THE NSW Government has launched an investigation to determine the number of homes in thestate which mightcontain loose-filled asbestos ceiling insulation material.
Minister for Finance and Services Dominic Perrottetsaid the investigation followedcommunity concernabout homesthat may contain asbestos material installed by contractor “Mr Fluffy’ during the 1960s and 1970s.
“The NSW government is absolutely committed to ensuring the health and safety of all citizens in this state,” Mr Perrottet said.
“This commitment stands when it comes to the issue of asbestos.
“I have now asked WorkCover NSW to contract an independent specialist to work with the NSW Heads of Asbestos Coordination Authorities (HACA) to help establish the scope of properties impacted.”
HACA was established in August 2011 as part of the NSW Government’s commitment to asbestos safety, and since then it has rolled out a state-wide Asbestos Plan to promote the safe management of asbestos material in homes and workplaces.
Mr Perrottetsaid free independent technical assessments wouldbe offered to affected homeowners to advise on and confirm the adequacy of risk controls in each of the identified homes for a 12-month period.
“This is so we can verify that known loose-fill asbestos affected houses meet NSW Government current recommendations for limiting exposure, and ensure occupants in identified houses are not exposed to asbestos levels above those found in comparable housing stock of its generation,” Mr Perrottet said.
“A free testing service will also be offered to residents in the 14 local government areas, for any suspected loose-fill asbestos from homes built prior to 1980, for a 12-month period.
“We will also continue to fund the role of the project manager – asbestos policy at Local Government NSW throughout 2015 and 2016 to support and assist councils in adopting and implementing the Model Asbestos Policy across the state.”
The chief health officer has convened an advisory committee to provide ongoing independent expert advice for HACA on the potential health risks for those living in properties containing loose-fill asbestos insulation.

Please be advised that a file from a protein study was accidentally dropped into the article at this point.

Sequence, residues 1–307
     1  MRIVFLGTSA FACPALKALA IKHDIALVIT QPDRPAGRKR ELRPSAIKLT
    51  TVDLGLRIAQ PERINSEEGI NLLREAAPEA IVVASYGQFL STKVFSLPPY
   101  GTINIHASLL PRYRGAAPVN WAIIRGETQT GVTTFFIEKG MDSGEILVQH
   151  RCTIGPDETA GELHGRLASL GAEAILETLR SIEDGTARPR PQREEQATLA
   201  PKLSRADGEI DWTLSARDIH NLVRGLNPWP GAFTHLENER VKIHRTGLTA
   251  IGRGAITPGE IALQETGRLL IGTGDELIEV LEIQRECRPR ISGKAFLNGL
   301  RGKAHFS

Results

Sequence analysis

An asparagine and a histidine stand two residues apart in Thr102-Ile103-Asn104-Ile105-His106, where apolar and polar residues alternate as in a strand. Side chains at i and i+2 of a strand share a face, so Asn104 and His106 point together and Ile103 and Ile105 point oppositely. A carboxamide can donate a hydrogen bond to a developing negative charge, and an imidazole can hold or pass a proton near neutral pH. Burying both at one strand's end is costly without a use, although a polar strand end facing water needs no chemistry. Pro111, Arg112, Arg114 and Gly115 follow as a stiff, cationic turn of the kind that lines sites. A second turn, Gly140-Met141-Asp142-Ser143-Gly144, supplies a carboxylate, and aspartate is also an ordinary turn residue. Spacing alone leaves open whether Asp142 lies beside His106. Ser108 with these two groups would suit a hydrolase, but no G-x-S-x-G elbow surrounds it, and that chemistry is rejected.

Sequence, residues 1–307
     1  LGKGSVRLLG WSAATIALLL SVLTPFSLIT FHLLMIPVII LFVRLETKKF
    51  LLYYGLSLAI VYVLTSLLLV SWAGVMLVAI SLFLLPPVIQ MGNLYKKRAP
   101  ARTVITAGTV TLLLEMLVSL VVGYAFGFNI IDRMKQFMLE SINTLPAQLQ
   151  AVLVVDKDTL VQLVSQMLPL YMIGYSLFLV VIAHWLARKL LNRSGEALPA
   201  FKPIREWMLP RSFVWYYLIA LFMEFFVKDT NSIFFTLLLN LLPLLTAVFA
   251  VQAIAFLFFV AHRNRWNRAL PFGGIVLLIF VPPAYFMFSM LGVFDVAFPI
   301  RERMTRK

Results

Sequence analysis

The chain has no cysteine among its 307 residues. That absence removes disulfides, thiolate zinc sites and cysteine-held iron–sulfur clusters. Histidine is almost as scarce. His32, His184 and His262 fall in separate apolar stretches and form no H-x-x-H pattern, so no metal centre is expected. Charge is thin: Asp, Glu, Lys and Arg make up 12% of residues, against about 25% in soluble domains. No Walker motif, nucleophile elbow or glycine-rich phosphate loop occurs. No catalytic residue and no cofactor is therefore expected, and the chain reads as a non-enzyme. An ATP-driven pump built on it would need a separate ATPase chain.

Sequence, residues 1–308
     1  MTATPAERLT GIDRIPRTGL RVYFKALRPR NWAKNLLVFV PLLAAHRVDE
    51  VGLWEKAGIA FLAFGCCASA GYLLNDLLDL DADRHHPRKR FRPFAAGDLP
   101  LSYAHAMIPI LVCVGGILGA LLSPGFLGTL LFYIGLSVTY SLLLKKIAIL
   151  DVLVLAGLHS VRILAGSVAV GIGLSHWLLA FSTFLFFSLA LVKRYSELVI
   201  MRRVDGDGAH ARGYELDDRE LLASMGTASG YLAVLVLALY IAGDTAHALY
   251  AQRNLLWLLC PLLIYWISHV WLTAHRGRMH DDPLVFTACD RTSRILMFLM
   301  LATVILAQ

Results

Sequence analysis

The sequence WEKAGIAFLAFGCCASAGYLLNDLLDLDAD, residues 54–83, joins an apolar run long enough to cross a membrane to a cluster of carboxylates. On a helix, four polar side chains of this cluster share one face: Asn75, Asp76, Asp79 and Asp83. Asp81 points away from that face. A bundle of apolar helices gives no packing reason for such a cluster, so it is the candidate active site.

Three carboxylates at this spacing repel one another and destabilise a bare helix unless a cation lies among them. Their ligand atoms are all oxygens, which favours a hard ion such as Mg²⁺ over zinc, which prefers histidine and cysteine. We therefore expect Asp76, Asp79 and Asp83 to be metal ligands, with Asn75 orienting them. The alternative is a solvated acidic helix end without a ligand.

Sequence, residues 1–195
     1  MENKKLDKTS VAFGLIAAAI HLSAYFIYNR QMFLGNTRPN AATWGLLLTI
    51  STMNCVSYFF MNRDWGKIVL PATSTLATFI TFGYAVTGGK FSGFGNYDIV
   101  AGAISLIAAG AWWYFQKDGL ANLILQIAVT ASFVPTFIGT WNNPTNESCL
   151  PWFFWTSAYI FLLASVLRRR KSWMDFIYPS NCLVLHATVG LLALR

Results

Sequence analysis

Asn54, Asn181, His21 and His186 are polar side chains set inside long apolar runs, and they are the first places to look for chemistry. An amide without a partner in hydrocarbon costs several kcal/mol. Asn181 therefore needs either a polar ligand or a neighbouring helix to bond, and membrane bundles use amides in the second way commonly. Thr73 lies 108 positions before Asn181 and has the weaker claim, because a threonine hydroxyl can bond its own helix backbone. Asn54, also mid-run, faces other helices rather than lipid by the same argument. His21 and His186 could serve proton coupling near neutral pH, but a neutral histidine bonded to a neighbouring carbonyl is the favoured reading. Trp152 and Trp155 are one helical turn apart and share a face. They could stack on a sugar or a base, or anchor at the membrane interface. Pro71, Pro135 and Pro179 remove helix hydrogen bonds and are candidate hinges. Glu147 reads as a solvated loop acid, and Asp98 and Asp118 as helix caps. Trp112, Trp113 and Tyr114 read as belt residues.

Mr Perrottetsaid the investigation, to be funded by WorkCover NSW, wouldreview and assess relevant records including inspections reports, risk assessments and compliance and disposal records.
It is expected an independent specialist will commence the investigation next month.
The NSW Government will consider the findings of the investigation and possible measures to assist affected householders.
WorkCover’s Work Health and Safety Division acting general managerPeter Dunphy, who also chairs HACA, said the body continuedto provide homeowners with advice about risk management and information on effective controls to safely manage asbestos material in their homes.
“While the investigation will help determine the extent of properties that may be impacted it is important to remember that the risk of exposure to asbestos in buildings containing loose-fill asbestos is likely to be very low if the asbestos is undisturbed and sealed off,” Mr Dunphy said.
“Sprayed asbestos insulation like loose-fill asbestos is a highly hazardous asbestos material and should not be disturbed. It requires appropriate risk controls to prevent disturbance or exposure to air-borne fibres.
“Only qualified tradespeople with training in suitable asbestos control measures can work in any areas identified as containing asbestos.”
Advice on managing asbestos insulation is available on the WorkCover website atwww.workcover.nsw.gov.auor call 13 10 50.
Mr Fluffy is removed from a Canberra home in the 1980s. Photo: Canberra Times.
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